Investors with 401(k) plans have been markedly more aggressive about trading in their accounts in light of concerns about the spread of the coronavirus, according to news reports.
When stocks plunged on March 12, with the S&P 500 dropping 9.5%, net trading by 401(k) plan holders was 12 times higher than normal, according to benefits administrator Alight Solutions, Bloomberg writes.
Trading activity of more than 10 times the average had only occurred on four trading days since 1997 up to that point — and three of those incidents took place during the first 11 trading days of March this year, according to the newswire.
Not everyone who has a 401(k) plan is trading more actively, nor are they all pulling out of stocks, however, Bloomberg writes.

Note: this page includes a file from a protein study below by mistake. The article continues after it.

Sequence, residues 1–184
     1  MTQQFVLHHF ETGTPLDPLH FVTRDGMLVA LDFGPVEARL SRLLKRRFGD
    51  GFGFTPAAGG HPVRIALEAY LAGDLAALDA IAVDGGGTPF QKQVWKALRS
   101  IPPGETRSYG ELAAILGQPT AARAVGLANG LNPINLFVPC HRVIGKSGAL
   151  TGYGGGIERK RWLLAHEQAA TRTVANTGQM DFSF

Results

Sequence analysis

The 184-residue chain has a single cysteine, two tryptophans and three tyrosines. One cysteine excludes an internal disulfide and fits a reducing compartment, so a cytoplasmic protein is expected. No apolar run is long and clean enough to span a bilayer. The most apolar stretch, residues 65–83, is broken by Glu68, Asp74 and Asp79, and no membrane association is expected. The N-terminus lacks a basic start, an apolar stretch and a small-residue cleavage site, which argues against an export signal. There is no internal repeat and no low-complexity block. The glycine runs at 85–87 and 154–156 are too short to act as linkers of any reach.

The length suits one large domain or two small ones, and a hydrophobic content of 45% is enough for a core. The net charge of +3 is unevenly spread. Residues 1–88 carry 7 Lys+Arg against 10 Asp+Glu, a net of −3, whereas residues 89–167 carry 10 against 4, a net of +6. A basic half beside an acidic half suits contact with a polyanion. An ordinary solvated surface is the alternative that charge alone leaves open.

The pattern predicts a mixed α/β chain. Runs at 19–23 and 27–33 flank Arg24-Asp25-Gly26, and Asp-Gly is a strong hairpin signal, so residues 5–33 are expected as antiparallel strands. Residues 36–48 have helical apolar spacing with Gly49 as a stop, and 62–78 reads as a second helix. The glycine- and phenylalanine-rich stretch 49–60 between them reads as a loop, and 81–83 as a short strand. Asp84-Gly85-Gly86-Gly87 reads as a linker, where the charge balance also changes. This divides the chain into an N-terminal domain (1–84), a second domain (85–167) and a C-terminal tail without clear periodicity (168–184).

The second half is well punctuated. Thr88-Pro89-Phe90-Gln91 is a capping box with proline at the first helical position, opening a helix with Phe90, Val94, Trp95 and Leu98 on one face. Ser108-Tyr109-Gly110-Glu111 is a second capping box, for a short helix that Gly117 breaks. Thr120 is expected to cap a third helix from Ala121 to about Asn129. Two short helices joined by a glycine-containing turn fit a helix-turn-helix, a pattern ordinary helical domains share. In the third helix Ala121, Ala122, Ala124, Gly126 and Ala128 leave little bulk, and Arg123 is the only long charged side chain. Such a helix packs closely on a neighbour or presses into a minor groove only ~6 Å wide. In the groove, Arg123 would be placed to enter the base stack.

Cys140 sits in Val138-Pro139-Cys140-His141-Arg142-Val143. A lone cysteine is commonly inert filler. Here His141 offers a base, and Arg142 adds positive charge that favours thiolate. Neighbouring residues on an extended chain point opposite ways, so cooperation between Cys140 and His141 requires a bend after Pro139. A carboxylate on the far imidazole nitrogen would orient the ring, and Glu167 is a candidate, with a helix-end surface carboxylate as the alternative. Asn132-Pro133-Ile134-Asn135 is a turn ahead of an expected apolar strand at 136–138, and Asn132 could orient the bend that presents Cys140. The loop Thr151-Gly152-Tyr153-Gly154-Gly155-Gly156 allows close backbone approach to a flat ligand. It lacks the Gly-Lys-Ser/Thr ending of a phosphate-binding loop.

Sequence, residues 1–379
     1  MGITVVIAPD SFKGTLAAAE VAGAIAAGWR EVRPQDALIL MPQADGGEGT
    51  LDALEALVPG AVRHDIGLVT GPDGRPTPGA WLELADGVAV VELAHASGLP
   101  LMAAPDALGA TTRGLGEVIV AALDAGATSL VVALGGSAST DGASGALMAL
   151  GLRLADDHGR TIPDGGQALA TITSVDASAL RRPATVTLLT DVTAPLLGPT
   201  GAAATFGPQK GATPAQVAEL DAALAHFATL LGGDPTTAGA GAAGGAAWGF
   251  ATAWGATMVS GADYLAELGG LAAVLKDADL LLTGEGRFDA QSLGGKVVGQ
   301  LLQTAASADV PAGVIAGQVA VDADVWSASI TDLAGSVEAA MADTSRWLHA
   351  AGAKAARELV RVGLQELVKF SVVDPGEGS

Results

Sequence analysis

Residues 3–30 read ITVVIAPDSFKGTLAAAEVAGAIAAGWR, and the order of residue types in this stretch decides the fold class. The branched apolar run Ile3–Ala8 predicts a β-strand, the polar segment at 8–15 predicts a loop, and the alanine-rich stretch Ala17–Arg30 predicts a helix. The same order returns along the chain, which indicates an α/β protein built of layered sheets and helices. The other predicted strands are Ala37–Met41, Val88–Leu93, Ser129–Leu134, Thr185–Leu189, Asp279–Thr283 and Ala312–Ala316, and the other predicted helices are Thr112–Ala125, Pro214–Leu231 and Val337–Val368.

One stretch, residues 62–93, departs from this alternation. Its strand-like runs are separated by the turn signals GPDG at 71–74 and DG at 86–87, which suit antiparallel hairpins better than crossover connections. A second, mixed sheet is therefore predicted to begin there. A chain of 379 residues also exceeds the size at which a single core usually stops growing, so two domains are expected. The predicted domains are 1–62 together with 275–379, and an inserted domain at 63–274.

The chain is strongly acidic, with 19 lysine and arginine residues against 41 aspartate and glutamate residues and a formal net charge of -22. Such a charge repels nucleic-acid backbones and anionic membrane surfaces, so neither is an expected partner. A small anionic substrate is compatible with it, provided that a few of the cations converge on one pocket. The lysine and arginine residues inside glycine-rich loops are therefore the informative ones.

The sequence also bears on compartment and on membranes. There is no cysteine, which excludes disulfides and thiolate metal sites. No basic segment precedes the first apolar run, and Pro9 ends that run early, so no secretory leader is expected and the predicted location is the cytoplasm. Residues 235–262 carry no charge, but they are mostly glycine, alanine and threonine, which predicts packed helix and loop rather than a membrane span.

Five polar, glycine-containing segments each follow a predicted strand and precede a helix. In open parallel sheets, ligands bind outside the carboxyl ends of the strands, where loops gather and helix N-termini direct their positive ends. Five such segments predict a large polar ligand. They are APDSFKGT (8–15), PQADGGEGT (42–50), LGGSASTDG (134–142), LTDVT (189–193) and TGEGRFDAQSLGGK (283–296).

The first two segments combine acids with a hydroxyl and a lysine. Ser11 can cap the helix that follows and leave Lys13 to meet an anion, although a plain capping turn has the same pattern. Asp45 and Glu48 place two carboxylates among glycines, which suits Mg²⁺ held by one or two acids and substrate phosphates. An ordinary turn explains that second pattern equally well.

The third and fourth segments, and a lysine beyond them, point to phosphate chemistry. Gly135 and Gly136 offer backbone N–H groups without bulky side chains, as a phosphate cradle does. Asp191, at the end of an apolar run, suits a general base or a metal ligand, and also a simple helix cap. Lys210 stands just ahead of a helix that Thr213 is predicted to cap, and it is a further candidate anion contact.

Vanguard Group saw around 1% of all its accounts trading during the past two weeks, compared to 0.4% who typically execute trades in the course of two weeks, according to the news service.
Trading activity also rose to 1.6% of all accounts on March 12, Bloomberg writes. Nonetheless, only 0.33% of households with only a 401(k) with Vanguard traded at all that day, a spokeswoman tells the news service.
Many investors also sought advice.
Empower Retirement, which manages retirement plans for 39,000 employers, saw a 45% spike in call volume through midday on March 12, Bloomberg writes. Nonetheless, trading-related calls rose from an average of 1% on a typical day to as much as 3% during the first three days of last week, a spokesman for Empower tells the news service.
Many of those who called and took action wanted to learn about safer investment options, including stable value funds and money market funds, Empower president Edmund Murphy wrote in a note to the employers, according to Bloomberg.
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